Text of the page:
US Democrats, lo­cal KMT stuck in quick­sand


I’ve been back in Tai­wan now for three weeks af­ter a re­cent visit to the United States. Although my stay over there was only for two months, sev­eral im­pres­sions I picked up are still nag­ging at me.

I be­lieve those im­pres­sions are rel­e­vant for our lo­cal scene.

First, a caveat about my views on Amer­i­can pol­i­tics: with the ex­cep­tion of a sib­ling who, like me, is rather much a po­lit­i­cal junkie, and a few sweet cousins in the Twin Cities, my friends and loved ones tend to be more con­ser­va­tive than I am. I think that’s cool. It’s great to be able to en­joy a dash of ci­vil­ity and mu­tual re­spect in re­la­tion­ships. We need not let pol­i­tics in­ter­fere with our af­fec­tion for each other.

Im­pres­sion # 1 — For var­i­ous rea­sons, at­ti­tudes of tol­er­ance and ac­cep­tance of those who are per­ceived as “dif­fer­ent” are tak­ing dra­matic hits these days. Much of the con­ver­sa­tion about cur­rent Amer­i­can so­ci­ety and its prob­lems is not a con­ver­sa­tion at all. It is a mono­logue. There is lit­tle stom­ach among many for lis­ten­ing, anal­y­sis, or pon­der­ing to­gether. Few with whom I spoke seem at all in­ter­ested in seek­ing com­mon ground with those they re­gard as “ad­ver­saries.” Peo­ple’s minds are made up. Peo­ple want agree­ment or a change of topic, mean­ing si­lence.

Im­pres­sion # 2 — Per­haps pol­i­tics in the United States has al­ways been per­sonal. Views of prospec­tive can­di­dates for the ma­jor par­ties hardly cen­ter at all on is­sues. The fo­cus is al­most all on per­son­al­i­ties.

Im­pres­sion # 3 — Partly be­cause of the points above, raw emo­tion, not logic or rea­son­ing, tends to rule the day. In the blink of an eye, po­lit­i­cal dis­cus­sions de­gen­er­ate to words of con­dem­na­tion. Cat­e­go­riza­tion of oth­ers and name-call­ing re­sult. “You lib­er­als,” “peo­ple who watch Fox News,” “gays and les­bians and those oth­ers,” “the lib­eral media,” “you Obama-peo­ple.” All of these in­ef­fec­tive gen­er­al­i­ties are ob­vi­ous ex­am­ples that reek with stereo­typ­i­cal think­ing and put a stop to the sim­plest of ef­forts to see “the other” as hu­man or vul­ner­a­ble to pain or in­jus­tice. Among an en­tire swath of the pop­u­la­tion, there ap­pears to be out­right dis­dain for a ra­tio­nal, step by step as­sess­ment of sit­u­a­tions af­fect­ing mil­lions, whether the topic is for­eign pol­icy, immigration re­form, health-care, or so­lu­tions for prob­lems in the econ­omy.

Im­pres­sion # 4 — Nei­ther of the two large par­ties is at present able to of­fer at­trac­tive can­di­dates for the high­est of­fices in the land. This is so, de­spite the im­pres­sive records of more than a few longestab­lished public ser­vants.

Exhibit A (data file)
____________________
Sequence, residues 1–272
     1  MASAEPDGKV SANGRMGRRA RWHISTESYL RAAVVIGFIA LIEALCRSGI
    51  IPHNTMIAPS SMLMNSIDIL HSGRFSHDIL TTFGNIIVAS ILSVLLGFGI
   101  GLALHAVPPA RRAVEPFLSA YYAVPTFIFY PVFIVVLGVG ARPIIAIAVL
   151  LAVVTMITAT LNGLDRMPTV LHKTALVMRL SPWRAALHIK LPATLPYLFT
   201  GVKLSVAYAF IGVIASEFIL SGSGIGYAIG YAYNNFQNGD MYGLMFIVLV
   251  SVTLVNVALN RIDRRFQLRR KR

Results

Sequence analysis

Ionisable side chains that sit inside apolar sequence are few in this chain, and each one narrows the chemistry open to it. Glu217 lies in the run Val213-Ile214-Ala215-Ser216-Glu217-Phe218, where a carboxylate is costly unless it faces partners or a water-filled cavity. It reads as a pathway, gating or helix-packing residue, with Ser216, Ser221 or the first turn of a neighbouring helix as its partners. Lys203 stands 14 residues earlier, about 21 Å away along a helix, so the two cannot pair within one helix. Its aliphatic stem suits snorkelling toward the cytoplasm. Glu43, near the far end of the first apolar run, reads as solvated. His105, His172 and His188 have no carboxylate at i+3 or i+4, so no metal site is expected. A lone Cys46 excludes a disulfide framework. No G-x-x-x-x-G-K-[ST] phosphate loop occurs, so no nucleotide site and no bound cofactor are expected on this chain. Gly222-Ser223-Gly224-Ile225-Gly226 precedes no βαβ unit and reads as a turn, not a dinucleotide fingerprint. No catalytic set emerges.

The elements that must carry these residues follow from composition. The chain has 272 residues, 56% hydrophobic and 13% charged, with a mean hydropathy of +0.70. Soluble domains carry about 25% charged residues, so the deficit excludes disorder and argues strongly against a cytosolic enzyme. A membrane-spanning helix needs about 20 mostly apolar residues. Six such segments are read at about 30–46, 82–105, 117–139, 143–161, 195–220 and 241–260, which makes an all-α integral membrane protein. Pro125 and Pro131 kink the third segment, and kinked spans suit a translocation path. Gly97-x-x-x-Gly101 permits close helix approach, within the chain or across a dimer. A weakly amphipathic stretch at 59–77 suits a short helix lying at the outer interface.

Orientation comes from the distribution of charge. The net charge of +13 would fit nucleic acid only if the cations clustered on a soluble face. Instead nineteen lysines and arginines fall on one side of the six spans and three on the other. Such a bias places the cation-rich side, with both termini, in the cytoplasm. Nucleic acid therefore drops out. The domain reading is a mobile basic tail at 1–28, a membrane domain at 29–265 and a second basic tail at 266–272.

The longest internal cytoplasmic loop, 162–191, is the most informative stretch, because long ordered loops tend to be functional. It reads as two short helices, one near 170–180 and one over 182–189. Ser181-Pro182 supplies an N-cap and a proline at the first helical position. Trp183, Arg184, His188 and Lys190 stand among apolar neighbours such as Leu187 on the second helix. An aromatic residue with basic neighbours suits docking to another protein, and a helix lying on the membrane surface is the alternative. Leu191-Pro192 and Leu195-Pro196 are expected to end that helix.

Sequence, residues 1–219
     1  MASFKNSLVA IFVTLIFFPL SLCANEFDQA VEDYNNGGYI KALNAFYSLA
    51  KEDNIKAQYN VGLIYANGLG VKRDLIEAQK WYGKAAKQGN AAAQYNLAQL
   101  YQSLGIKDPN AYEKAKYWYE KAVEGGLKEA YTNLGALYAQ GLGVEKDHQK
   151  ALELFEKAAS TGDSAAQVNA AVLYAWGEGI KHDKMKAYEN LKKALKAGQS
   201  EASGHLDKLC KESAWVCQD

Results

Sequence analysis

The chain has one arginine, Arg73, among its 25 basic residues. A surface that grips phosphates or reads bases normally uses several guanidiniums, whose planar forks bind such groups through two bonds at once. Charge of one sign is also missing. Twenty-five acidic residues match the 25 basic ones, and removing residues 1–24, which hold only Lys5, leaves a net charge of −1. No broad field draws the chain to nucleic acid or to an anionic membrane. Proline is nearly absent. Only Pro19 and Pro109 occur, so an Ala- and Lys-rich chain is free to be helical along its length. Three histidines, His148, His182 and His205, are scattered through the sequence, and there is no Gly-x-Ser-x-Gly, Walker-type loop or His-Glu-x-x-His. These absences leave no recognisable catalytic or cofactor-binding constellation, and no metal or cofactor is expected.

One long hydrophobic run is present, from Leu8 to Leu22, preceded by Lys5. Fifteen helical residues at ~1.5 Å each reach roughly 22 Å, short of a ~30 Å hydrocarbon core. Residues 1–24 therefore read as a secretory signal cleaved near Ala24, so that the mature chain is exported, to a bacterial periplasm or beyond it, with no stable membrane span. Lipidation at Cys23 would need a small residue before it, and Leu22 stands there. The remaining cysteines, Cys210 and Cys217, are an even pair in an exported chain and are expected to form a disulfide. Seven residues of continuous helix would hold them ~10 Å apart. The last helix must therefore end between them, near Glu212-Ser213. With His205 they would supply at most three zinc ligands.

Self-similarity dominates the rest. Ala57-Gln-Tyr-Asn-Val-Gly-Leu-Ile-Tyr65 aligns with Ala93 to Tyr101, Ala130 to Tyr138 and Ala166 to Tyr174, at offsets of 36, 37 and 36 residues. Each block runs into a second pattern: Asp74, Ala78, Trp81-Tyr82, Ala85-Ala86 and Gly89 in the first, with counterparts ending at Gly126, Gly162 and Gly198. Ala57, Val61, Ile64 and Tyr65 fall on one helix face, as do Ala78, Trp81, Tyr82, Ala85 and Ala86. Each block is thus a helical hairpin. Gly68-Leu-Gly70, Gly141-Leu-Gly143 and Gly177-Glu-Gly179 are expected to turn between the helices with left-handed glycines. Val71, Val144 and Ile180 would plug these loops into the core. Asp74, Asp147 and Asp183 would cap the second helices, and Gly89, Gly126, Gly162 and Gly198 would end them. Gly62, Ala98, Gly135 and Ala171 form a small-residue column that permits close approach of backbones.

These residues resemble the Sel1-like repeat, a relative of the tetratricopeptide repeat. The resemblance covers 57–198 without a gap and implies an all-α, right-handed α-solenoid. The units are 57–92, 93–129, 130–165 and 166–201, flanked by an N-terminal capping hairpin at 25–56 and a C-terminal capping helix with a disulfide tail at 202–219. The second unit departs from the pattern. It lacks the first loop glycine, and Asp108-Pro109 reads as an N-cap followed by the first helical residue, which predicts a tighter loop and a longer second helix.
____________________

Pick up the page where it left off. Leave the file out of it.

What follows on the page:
In the con­text of that seem­ingly dis­tant arena in the USA, it is in­ter­est­ing to con­sider dilem­mas both our lo­cal Kuom­intang Party (KMT) and (the Amer­i­can) Demo­cratic Party are fac­ing. In dif­fer­ent lands, both par­ties ap­pear to be stuck in the grip of quick­sand. Deputy Leg­isla­tive Speaker Hung Hsiu-chu of the KMT has a tech­ni­cal hold on her party’s nom­i­na­tion. She has fought the good fight, hasn’t she, and run the good race? Why then all the talk of smoke and mir­rors and of a pos­si­ble new flag­bearer for the KMT?

Hil­lary Clin­ton long ago so­lid­i­fied the start­ing base she re­quires for her nom­i­na­tion, over 20 per cent of pledged del­e­gate votes at the Demo­cratic con­ven­tion next sum­mer. Un­til the scan­dal about her per­sonal email server ex­ploded in her face last spring, her nom­i­na­tion looked as tightly locked up as the front doors of Fort Knox. Polls have shown for months that public con­fi­dence in her in­tegrity and judg­ment, how­ever, have plum­meted. Things have got­ten so bad that fore­gone con­clu­sions about the un­avail­abil­ity (not to say un­ac­cept­abil­ity) of Vice Pres­i­dent Joe Bi­den and, amaz­ingly, for­mer Vice Pres­i­dent Al Gore, have flown to the wind.

KMT can­di­date Hung Hsiu-chu keeps get­ting pelted with spit­balls from within her own party. Spec­u­la­tion about a reshuf­fling of pages in the rule­book for her nom­i­na­tion, or of a whole new mint­ing of rules, just won’t die.

It sure seems both Amer­i­can Democrats and lo­cal KMT stal­warts are plagued with doubt about the abil­ity of their anointed war­riors to bring home the ba­con. We may long for sub­stan­tive dis­cus­sions of per­ti­nent po­lit­i­cal is­sues, but for the mo­ment, the talk on the streets is not about is­sues. It’s about per­son­al­i­ties, pe­riod. (Fa­ther Daniel J. Bauer SVD is a priest and as­so­ciate pro­fes­sor in the English Depart­ment at Fu Jen Catholic Univer­sity.)

Newspapers in English

Newspapers from Taiwan

© PressReader. All rights reserved.